|Item Weight||1.6 ounces|
|Package Dimensions||3.6 x 3.5 x 0.6 inches|
|Item model number||717834209102DUPE|
|Item Package Quantity||1|
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3M LeadCheck Swabs, 8-Pack
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- Detects lead on most surfaces within 30 seconds
- EPA recognized
- Simple to use: just crush, shake and swab. Red Means Lead!
- Test confirmation card to verify results in every kit
- Swabs are non-toxic, odorless, disposable and non-staining
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Facts About Lead In The Home
Over 38 million homes were built with lead-based paint prior to the United States Consumer Product Safety Commission ban on lead use for residential purposes in 1977. Lead is most often transmitted via dust particles, which can be invisible to the human eye. Lead can affect children's brain and nervous system development, causing reduced IQ, learning disabilities, and behavioral issues. Projects that disturb painted surfaces can create dust and endanger your family unless the proper safety precautions are taken.
3M LeadCheck Swabs are EPA recognized for use on wood, metal, drywall, and plaster. This means only one test is needed to reliably determine that regulated lead-based paint is not present on most surfaces. When lead is detected, 3M LeadCheck Swabs turn red. Red means lead! These tests are inexpensive and easy to use and results are obtained in approximately 30 seconds. The odorless and disposable swabs are simple to use: just crush, shake, and swab. Each kit contains test confirmation cards to verify individual test results. In just seconds, you will know if lead-safe practices are required. Test for lead on painted surfaces such as drywall, plaster, wood, metal, steel structures, vinyl, and other plastics.
Minimize Your Risk
The DIYer should be aware of the major health issues resulting from lead exposure. Before starting your project, test for lead by using 3M LeadCheck Swabs. Next, minimize the inhalation of dust particles by using dust masks and respirators. This will safeguard your family from unsafe levels of lead accumulation. Finally, contain the dust to the work area, which is essential, along with a proper cleanup that will minimize airborne dust and keep your family healthy.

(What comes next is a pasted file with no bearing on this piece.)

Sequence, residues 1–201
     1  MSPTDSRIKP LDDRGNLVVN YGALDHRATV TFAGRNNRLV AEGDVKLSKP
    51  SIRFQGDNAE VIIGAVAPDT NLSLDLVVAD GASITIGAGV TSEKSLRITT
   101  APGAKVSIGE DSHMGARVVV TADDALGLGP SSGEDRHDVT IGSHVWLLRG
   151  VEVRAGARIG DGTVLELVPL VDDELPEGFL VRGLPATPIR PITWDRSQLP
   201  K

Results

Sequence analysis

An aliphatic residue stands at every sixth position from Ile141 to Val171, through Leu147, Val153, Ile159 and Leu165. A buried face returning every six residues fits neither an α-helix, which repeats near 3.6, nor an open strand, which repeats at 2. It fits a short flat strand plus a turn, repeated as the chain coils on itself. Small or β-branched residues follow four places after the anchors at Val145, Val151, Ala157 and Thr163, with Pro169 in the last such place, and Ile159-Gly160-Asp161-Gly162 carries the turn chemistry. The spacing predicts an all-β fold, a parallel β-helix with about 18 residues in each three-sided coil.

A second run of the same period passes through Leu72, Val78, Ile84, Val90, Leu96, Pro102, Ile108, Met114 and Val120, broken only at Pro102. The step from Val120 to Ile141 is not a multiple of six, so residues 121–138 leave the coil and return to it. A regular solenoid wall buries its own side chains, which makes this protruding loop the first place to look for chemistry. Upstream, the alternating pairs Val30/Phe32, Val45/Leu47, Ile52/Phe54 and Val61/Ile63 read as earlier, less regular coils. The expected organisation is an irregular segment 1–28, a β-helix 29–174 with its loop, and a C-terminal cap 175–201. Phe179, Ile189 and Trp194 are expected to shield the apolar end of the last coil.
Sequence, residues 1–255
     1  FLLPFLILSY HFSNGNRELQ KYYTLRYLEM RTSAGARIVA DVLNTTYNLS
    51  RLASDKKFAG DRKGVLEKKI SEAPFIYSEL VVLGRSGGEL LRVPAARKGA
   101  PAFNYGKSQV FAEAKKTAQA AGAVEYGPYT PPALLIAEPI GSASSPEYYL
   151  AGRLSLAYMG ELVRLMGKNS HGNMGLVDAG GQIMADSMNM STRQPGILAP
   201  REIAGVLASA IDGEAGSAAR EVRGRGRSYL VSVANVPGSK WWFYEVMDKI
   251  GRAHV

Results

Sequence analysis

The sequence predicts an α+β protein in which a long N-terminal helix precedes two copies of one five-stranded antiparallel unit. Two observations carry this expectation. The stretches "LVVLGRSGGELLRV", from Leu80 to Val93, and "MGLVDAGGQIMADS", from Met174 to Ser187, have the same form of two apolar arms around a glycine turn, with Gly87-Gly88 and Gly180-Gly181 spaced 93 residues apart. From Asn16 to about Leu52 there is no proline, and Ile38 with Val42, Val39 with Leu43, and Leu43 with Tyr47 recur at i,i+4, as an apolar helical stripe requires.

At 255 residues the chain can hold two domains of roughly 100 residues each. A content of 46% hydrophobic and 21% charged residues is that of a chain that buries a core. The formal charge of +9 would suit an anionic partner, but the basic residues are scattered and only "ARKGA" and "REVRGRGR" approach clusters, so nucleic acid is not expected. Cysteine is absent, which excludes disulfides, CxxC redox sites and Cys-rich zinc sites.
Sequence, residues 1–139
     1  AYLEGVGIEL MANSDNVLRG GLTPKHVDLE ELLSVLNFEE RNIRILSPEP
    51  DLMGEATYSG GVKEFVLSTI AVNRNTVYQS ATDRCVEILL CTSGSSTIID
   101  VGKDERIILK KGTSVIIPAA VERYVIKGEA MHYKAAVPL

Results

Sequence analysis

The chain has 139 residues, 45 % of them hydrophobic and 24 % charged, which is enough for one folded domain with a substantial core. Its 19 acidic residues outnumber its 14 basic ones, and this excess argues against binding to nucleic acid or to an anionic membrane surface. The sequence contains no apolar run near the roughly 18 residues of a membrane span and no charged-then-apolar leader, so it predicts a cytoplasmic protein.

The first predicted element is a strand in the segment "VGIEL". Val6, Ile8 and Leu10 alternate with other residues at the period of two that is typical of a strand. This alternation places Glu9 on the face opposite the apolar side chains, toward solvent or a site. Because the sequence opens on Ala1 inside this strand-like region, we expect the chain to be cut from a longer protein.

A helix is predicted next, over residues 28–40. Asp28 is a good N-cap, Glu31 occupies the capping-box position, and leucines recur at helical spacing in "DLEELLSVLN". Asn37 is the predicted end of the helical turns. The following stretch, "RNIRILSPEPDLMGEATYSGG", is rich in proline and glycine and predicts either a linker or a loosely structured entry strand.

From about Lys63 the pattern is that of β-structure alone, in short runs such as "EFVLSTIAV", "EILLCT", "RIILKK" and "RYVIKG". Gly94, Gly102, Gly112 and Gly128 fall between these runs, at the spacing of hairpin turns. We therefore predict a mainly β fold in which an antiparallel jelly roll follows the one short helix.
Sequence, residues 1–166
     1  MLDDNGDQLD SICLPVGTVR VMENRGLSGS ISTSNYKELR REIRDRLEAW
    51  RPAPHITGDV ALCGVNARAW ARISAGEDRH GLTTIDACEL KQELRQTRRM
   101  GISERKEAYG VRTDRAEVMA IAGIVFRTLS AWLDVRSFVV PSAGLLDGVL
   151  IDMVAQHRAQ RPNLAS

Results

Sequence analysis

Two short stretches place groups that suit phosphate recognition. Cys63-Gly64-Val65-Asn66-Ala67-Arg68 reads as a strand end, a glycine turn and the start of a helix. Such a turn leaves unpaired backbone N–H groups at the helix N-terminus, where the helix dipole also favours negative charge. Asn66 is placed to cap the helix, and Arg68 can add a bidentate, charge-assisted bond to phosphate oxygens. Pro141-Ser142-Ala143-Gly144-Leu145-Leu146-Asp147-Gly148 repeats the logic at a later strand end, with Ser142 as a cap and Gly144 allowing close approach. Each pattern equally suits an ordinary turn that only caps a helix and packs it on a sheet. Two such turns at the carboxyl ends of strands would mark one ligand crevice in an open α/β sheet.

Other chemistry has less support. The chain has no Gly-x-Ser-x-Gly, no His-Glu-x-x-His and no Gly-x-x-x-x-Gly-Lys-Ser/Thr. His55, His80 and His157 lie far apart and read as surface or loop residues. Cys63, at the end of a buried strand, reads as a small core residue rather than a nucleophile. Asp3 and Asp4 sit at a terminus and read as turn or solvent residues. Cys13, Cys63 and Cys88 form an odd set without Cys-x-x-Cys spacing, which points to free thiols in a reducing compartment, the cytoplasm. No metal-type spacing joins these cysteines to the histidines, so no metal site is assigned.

How Old Is Your Home?
If your home was built prior to the 1980's, it is vitally important to check for lead-based paint in your home. As apartments, townhouse, and houses continue to age, there is an increased chance that lead-based paint will become dust particles.
What's in the Box
8 swabs pack
3M(TM) LeadCheck(TM) Swabs are EPA recognized, non-toxic and provide a rapid, test for lead on most surfaces. When lead is detected, 3M(TM) LeadCheck(TM) Swabs turn red on contact. The vast majority of test situations results are obtained in less than 30 seconds. Simple to use: just crush, shake and swab. Red Means Lead(TM). Each kit contains test confirmation cards to verify individual test results. 3M(TM) LeadCheck(TM) Swabs provide instant lead-detection results for quick and accurate job pricing. In just seconds, you will know if lead-safe practices are required. Test for lead on surfaces such as: painted surfaces, steel structures, vinyl and other plastics.
Top customer reviews